34 WebSphere Replication Server for z/OS Using Q Replication: High Availability Scenarios for the z/OS Platform
Figure 3-4 Overview of setup steps for the bidirectional replication environment
3.5 Failover and switchback considerations
This section provides a high-level overview of some of the considerations involved with
failover and switchback processing associated with bidirectional replication. Depending upon
the particular environment, the process involved in ensuring satisfactory failover and
switchback processing can get quite complex. The topics covered here are:
򐂰 Failover processing considerations
򐂰 Switchback processing considerations
򐂰 Considerations in choosing a particular switchback scenario
3.5.1 Failover processing considerations
When the failover occurs to the secondary server, it is possible for some of the changes that
occurred at the primary server not to be replicated over to the secondary server. These
changes may include changes in the DB2 log that had not as yet been sent to the WebSphere
MQ queue (item 1 in Figure 3-5), or messages in the WebSphere MQ queue that had not
been transmitted to the secondary server (item 2 in Figure 3-5). These un-replicated changes
should be considered to be “data loss” at the secondary server,
at least until the primary
server is restored
.
STEP SETBIDI7: Start Q Capture & Q Apply on primary & secondary servers
STEP SETBIDI6: Set up WebSphere MQ objects on primary & secondary servers
STEP SETBIDI5:
Create Q subscriptions for the test tables
STEP SETBIDI4: Create Q replication maps
STEP SETBIDI3:
Create Q replication control tables
STEP SETBIDI2: Create the test tables
STEP SETBIDI1: Catalog databases on the Replication Center workstation
STEP SETBIDI8: Activate subscriptions on primary
STEP SETBIDI10: Update monitor control tables on secondary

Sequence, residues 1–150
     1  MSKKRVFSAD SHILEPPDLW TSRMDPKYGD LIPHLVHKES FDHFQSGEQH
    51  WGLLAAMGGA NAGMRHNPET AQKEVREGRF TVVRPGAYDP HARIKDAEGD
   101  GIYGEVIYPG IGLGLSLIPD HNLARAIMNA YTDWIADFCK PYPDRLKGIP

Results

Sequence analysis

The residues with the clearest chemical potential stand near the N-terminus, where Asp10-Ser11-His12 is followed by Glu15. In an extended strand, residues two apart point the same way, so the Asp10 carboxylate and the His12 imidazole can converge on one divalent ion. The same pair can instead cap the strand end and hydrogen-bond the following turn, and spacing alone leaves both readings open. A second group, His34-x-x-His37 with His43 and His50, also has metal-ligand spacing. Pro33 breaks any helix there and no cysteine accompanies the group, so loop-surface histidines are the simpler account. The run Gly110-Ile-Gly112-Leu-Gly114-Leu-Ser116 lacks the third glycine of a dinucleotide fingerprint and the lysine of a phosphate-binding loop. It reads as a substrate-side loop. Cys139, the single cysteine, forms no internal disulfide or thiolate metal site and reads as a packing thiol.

STEP SETBIDI9: Create monitor control tables on secondary
STEP SETBIDI12: Start monitor on secondary
STEP SETBIDI11: Bind monitor program on secondary
Chapter 3. Failover and switchback scenarios 35
If there are messages in the receive queue on the secondary server that have not been
drained (item 4 in Figure 3-5), when the secondary server is enabled for updates, then
conflicts may occur on the secondary server between the updates in its receive queue and
the updates occurring on the secondary server.
Figure 3-5 Data loss and potential sources of conflicts
When switchback occurs, then the changes from the secondary server that are replicated
over to the primary server will pass through the receive queue at the primary server (item 3 in
Figure 3-5). These changes may conflict with the changes that may have already occurred at
the primary server just prior to failure but were not replicated over to the secondary server
(items 1 and 2 in Figure 3-5). Additionally, during switchback, any unpropagated changes on
the DB2 log and transmit queue on the primary server (items 1 and 2 in Figure 3-5) may
conflict with changes that may have already occurred at the secondary server after failover
but prior to switchback.
Therefore, it is possible for conflicts to occur on both the primary server during switchback
and the secondary server after failover.
To support the ABC Financials business requirement of failover and switchback, the conflict
rule must be set for the primary server to be designated as the loser. Any conflicts will resolve
in favor of the updates originating at the secondary server, which would represent the most
recent changes to the data.
Note: Data loss refers to transactions that are not propagated and applied to the “target”
table. (Here “target” does not refer to the location of the table but the object of the
replication). Therefore, changes may have originated on the primary server prior to
failover, or originated on the secondary server after failover and prior to switchback.
Important: Identifying the data loss suffered can be critical for certain types of
applications.
Attention: The triggering event for failover is assumed to originate external to the Q
replication environment. If the switching of the update workload to the secondary server is
also automated by external processes, then the likelihood that messages in the receive
queue could be drained prior to enabling updating applications is small—conflicts are likely
to occur on the secondary server.
Database
Database
TransmitQ ReceiveQ
Log
1
2 4
ReceiveQ
ServerA
ServerB
3

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